Methods of solving Maxwell’s equations on a discrete grid in space and time show promise in predicting the time-evolution of ultrashort pulse propagation in optical devices [1,2]. Finite-Difference Time-Domain (FDTD) algorithms developed for microwave problems [3,4] discretize Maxwell’s curl equations and consider the permittivity ε and permeability μ of a material to be constant. Over the bandwidth of short optical pulses, the material dispersion cannot be ignored. Recently, various authors [5-11] have attempted to model this dispersion by adding finite-difference approximations of the constitutive equations to the algorithm. Two competing approaches with very different motivations have emerged; comparisons between them have been in the form of lengthy numerical simulations. We formulate the problem of modeling dispersive materials as a filter design problem in signal processing. The formalism of discrete-time linear systems then enables us to examine the difference equation as an approximation to the desired continuous filter, and to equate the design of an optimal filter to the solution of a constrained minimization problem. We show that the previously used methods of approximating dispersion are analogous to the matched and bilinear approximation methods of discrete filter design theory. We compare the exact frequency response of existing discretizations to the desired response for Debye and Lorentzian media.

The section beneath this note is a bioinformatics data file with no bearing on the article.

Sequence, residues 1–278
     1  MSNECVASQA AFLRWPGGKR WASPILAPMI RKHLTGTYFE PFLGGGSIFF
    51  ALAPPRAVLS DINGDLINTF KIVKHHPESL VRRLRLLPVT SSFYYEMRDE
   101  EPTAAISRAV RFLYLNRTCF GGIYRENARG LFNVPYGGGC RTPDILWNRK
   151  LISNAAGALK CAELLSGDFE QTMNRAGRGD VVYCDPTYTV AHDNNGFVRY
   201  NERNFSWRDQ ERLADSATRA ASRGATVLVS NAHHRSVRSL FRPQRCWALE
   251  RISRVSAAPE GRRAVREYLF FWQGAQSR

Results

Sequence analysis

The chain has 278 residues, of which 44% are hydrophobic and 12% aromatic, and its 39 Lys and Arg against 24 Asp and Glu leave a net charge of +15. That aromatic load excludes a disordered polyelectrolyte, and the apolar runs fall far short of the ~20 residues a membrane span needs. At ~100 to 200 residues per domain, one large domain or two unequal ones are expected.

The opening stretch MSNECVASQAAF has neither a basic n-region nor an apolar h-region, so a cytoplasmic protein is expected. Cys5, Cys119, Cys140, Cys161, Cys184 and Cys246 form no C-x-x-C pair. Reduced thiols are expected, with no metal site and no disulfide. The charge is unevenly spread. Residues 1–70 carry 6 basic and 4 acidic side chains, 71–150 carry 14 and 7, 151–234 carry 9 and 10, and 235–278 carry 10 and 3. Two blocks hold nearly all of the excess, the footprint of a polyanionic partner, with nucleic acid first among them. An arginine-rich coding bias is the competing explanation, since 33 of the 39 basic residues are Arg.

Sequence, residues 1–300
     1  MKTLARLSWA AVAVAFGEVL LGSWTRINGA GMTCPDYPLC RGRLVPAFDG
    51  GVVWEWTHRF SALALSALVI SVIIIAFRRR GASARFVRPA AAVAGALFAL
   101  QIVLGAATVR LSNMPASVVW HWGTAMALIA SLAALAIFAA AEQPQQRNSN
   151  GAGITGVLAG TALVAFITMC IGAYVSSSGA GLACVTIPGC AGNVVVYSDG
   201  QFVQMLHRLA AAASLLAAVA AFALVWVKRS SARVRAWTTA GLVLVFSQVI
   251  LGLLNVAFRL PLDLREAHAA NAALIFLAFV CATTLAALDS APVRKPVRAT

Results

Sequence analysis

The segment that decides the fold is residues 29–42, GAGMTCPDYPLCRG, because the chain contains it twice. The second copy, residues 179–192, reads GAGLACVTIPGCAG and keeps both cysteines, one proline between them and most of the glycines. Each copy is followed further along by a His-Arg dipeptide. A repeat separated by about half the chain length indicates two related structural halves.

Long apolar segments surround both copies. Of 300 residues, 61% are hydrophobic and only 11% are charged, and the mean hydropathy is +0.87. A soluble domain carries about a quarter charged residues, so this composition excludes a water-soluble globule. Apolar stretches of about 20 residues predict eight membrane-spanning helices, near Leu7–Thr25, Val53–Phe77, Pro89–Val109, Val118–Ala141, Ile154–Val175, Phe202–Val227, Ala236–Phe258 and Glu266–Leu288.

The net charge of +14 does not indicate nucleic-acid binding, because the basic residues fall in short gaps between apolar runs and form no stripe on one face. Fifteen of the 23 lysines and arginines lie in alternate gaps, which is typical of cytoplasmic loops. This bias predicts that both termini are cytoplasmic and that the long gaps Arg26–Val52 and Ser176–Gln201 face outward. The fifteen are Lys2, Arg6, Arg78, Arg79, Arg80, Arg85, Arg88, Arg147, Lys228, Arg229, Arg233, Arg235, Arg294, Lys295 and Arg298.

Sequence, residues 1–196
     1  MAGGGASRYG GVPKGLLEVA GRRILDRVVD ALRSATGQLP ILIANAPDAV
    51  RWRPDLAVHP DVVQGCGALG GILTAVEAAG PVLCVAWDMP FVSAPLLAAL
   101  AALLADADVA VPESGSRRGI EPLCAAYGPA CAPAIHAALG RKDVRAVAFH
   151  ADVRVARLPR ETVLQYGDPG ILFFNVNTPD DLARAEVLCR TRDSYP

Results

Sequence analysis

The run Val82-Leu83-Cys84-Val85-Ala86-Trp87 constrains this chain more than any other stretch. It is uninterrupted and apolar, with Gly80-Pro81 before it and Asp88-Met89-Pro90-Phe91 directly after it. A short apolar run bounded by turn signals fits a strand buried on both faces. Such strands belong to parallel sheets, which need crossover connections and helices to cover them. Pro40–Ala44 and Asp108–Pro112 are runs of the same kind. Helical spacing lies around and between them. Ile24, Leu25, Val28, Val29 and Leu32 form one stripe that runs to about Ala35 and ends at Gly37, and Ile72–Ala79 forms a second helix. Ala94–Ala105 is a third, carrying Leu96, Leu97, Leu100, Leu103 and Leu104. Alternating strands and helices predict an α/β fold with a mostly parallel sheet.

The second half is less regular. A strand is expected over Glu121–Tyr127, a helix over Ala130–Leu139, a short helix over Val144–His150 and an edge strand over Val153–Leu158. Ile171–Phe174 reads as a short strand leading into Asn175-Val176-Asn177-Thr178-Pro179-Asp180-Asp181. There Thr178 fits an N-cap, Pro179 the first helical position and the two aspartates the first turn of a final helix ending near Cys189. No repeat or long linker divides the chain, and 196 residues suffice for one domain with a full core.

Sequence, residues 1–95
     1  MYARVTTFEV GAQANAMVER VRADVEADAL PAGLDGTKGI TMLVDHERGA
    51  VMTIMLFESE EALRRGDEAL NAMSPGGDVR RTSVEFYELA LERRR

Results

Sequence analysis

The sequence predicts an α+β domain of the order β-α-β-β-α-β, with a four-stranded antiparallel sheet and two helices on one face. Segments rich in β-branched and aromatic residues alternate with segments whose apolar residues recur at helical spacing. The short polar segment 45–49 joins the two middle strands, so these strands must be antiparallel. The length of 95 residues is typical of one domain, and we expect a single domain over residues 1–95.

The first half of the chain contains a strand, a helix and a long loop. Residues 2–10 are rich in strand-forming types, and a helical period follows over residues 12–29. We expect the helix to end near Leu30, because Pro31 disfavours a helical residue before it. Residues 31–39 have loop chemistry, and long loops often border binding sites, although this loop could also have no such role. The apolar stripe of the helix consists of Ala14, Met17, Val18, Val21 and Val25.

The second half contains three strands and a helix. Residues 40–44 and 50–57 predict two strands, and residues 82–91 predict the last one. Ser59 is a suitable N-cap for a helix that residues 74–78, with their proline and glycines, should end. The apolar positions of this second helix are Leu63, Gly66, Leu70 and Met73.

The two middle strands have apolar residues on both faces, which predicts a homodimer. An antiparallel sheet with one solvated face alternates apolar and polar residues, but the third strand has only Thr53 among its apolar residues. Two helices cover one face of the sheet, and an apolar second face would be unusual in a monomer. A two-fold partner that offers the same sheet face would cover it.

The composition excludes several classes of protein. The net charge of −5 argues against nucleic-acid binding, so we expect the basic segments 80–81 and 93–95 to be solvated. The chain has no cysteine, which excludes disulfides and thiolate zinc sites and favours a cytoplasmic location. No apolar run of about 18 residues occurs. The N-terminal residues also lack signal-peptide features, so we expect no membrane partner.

© 1993 Optical Society of AmericaPDF Article
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